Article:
Yesterday was an incredibly hot day. And because we had so much company, there was no opportunity to take the puppies for their daily walk. It seemed unfair to ask any of our guests to leave the coolness of the house to join us in a blistering dog walk so it didn’t happen.
Old Dog and other dog were satisfied that no one should be wandering around in that kind of heat. But not Dough-Gee. Dough-Gee knew we had missed the important routine of a dog-walk. So it was after dark when he nudged my leg and then sat there staring, staring, staring, and shifting his weight from one front leg to the other. He would not let it be so eventually I took the flashlight and away we went at eleven o’clock for a dog walk.
Thunder was rumbling and there was lightning in the distance, but bravely I started into the woods on our usual dog-walking trails. And that’s when it happened. An invisible swarm of aggressive and widely varied insects attacked me from every side. I could feel fluttering wing membranes, brittle spindle-legs, sharp toe-nails and stingers threatening to puncture exposed flesh. I could also feel the anger. The source of that anger…puzzling?
Scientifically, maybe because of the electricity in the air it was a quark thing brought about by the attraction of opposite charges or repulsion of similar convections. More practically, maybe it was annoyance by the aerial dwellers of the forest of my midnight-invasion into their privacy. Or for them, maybe visually, it was fear sparked by the UFO-beam of my flashlight. Whatever it was, in two minutes flat, I was strongly buffeted on all sides and in two minutes flat solidly convinced that we were being ‘bounced’ off the premises. I found it unbelievable and astonishing how adeptly the message was conveyed.
It was an aggressive attack of winged creatures with barbs, arrows, claws, and all their grand cache of hidden weapons of mass obstruction. In the darkness, those aerial creatures, so engaged in thumping me from every side, though invisible, seemed as big as pterodactyls. But I guess that is how it is. If you investigate a tiny tooth cavity with your tongue, rather than in a mirror, it will feel as big as a saucer. Likewise, when we feel a thing with touch rather than examine it with the eye, it becomes 7x its original size. (I am tempted to make another general observation here, but I don’t want to be crass.)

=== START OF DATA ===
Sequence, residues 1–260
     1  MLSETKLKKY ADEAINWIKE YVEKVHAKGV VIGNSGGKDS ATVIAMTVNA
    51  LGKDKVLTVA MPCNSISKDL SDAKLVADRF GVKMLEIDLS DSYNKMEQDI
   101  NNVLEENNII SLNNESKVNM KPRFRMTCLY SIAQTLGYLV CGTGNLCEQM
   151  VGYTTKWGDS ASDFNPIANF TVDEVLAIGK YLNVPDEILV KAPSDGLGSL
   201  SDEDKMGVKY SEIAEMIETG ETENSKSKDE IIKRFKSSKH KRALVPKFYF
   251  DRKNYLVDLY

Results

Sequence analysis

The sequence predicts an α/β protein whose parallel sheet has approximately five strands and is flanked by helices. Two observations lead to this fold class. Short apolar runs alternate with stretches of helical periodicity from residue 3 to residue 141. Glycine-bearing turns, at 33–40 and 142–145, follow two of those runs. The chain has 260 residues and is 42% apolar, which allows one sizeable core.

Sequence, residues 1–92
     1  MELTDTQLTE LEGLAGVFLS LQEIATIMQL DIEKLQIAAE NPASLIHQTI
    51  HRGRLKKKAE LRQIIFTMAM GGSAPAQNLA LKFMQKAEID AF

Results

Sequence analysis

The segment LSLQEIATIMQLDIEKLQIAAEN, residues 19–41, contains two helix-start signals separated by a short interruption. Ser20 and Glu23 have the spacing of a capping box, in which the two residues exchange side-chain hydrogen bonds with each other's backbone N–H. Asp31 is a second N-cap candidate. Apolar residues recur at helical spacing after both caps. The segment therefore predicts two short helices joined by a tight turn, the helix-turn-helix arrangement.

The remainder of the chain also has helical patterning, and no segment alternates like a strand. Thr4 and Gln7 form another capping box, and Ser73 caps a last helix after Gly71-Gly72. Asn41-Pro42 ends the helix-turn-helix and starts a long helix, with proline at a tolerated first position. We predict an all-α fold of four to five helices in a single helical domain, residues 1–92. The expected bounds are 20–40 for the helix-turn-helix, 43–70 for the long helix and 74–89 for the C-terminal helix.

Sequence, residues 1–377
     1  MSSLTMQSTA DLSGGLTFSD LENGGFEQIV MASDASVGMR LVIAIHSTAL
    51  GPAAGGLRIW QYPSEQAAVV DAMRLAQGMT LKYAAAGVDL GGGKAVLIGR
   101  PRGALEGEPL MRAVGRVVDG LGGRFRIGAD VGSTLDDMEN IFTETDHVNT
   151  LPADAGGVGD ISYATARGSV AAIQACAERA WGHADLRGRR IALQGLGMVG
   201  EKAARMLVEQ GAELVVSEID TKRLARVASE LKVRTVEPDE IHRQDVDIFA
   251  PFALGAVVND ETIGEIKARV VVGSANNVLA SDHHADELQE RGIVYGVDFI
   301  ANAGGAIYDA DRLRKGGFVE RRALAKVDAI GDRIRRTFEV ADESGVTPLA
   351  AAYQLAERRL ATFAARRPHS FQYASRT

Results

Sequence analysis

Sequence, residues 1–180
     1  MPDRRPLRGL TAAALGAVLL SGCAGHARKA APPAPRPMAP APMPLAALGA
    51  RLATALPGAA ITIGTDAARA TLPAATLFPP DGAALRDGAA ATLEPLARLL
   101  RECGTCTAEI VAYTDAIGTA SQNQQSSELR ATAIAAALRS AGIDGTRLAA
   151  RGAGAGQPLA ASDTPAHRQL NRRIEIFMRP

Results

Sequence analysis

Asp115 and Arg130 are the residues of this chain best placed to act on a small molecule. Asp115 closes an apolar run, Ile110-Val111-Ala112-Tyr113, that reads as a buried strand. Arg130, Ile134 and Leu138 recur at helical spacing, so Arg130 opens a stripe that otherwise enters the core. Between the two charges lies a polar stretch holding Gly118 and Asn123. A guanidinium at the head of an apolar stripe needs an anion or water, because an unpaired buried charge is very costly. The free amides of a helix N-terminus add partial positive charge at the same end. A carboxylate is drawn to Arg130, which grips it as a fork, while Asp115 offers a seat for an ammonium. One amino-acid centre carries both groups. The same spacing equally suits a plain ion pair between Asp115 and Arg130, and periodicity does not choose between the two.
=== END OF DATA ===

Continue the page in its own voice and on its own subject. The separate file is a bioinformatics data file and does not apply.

But I deviate from the topic…
And so, Dough-Gee and I hurriedly turned from the path, crossed the garden, and walked down the gravel road. We were thankful and relieved that the attackers promptly retreated.
But there was a lesson learned. The lesson learned is how wrong we are if we think only the wretchedness of the human spirit can transfer tangible feelings of discrimination and hate. Insects are just as capable without physically stinging or biting. Dough-Gee and I were not harmed physically but we still feel in our souls the sting of ostracism. Of unwarranted hate and rejection.
But I’m not a child anymore. I’m a “senior” by generous definition. And although with age, I’m weaker physically, I’m a whole lot tougher emotionally. Tough like the Rotweiler blood providing emotional courage for Dough-Gee while physically he caves to the inherent weakness of short crooked legs and his Basset Hound blood. Physically, I am weak like him, but emotionally, I am brave like him. So, with time and maturity, now I stand up for myself regardless of what others think.
And that is just how it is. And so, backed my Dough-Gee’s courage and my own, I turned. And with arms akimbo, and hands on my hips, I yelled with unabashed courage into the blackness of the woods.
"F--- you! It’s our world too, you know!"
(smug now. Hurt gone)